Doctors stage massive demo in Seoul against medical school admissions policy

3 March 2024, 09:54

Doctors stage protest
Doctors stage protest. Picture: PA

Junior doctors have been on strike for nearly two weeks.

Thousands of senior doctors have marched through South Korean capital Seoul to voice support for junior doctors who have been on strike for nearly two weeks over a government plan to sharply increase the number of medical school admissions.

The rally came as the government said it will begin to take steps on Monday to suspend the medical licences of nearly 9,000 medical interns and residents for defying orders to end their walkouts, which have disrupted hospital operations.

Park Sung-min, a senior member of the Korea Medical Association, said in a speech at the rally: “The government’s absurd medical policy has triggered immense resistance by trainee doctors and medical students, and we doctors have become one.

“I’m asking the government: Please, stop the threats and suppression now.”

Doctors protest
Doctors are against government plans to increase medical school places (Ahn Young-joon/AP)

Protesters chanted slogans, sang and held placards criticising the government’s plan. There were no reports of any violence at the rally.

As of Thursday night, 8,945 of the country’s 13,000 medical interns and residents were confirmed to have left their workplace, according to the health ministry. The government repeatedly said they will face minimum three-month licence suspensions and indictments by prosecutors if they did not return by February 29.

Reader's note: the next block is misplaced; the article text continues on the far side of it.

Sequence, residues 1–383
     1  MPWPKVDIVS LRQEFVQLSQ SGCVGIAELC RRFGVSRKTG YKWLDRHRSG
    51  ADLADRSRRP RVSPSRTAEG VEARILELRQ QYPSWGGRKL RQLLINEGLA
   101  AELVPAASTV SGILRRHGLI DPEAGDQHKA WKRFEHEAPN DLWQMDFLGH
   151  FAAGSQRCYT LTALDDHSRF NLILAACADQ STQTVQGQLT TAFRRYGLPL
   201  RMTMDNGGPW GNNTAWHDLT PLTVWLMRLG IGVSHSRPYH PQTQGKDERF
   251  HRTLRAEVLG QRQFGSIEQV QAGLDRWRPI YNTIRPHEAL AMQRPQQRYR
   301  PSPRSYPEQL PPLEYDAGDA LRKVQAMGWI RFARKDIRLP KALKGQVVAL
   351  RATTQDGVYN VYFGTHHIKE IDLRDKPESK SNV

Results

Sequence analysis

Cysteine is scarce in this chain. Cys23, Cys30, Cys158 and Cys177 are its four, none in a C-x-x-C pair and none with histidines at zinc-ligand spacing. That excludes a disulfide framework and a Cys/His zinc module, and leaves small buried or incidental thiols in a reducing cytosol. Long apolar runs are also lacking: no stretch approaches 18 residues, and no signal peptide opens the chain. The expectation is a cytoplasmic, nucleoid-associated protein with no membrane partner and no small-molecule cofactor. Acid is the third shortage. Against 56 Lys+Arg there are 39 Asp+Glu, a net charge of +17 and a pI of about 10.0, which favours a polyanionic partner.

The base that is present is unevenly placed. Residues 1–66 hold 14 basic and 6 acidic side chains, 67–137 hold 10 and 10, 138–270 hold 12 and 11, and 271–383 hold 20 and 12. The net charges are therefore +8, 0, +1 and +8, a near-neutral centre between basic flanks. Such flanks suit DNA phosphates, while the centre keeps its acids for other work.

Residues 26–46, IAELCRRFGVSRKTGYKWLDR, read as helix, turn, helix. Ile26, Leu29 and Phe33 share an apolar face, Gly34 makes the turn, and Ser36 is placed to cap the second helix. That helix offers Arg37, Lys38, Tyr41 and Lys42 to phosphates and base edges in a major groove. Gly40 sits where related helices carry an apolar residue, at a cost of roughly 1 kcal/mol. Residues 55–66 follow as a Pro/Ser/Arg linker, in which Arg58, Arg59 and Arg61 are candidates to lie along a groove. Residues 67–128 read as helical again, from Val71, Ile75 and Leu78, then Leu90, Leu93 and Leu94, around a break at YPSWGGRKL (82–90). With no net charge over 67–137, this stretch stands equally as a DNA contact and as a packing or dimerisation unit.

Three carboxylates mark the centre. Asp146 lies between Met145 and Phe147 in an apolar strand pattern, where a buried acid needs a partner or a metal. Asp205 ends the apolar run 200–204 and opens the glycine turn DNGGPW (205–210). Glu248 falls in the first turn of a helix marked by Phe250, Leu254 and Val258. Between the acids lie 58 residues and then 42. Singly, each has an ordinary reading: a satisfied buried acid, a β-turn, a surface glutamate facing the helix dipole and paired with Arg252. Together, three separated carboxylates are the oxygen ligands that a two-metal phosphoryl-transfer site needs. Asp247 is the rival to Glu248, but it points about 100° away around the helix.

The striking doctors are a fraction of South Korea’s 140,000 medics. But they account for about 30-40% of the total doctors at some major hospitals, where they assist senior doctors during surgeries and other treatments while training.

Their walkouts have subsequently caused numerous cancellations of surgeries and other medical treatments.

Doctors protest
The South Korean government has said it will suspend the medical licences of junior doctors on strike (Ahn Young-joon/AP)

Senior doctors have staged a series of rallies backing the young medics but have not joined the walkouts. If they also launch strikes, that would pose a major blow to South Korea’s medical service.

Police said they are investigating five ranking Korea Medical Association officials accused of inciting and abetting the junior doctors’ walkouts. Seoul police chief Cho Ji-ho told reporters on Sunday that officers had raided association offices as part of the investigation.

The government wants to increase South Korea’s medical school enrolment quota by 2,000 starting next year, from the current 3,058, to better deal with the country’s rapidly ageing population. Officials say South Korea’s doctor-to-population ratio is one of the lowest among developed countries.

But many doctors have vehemently contested the plan, saying medical schools cannot handle such a sharp increase in the number of students. They say the recruitment plan also does not address a chronic shortage of doctors in essential but low-paying specialities like paediatrics and emergency departments.

Doctors say adding too many new medics will also result in an increase in public medical expenses since greater competition would lead to excess treatments.

Critics say the doctors simply worry about receiving a lower income due to the rising number of medics.

By Press Association

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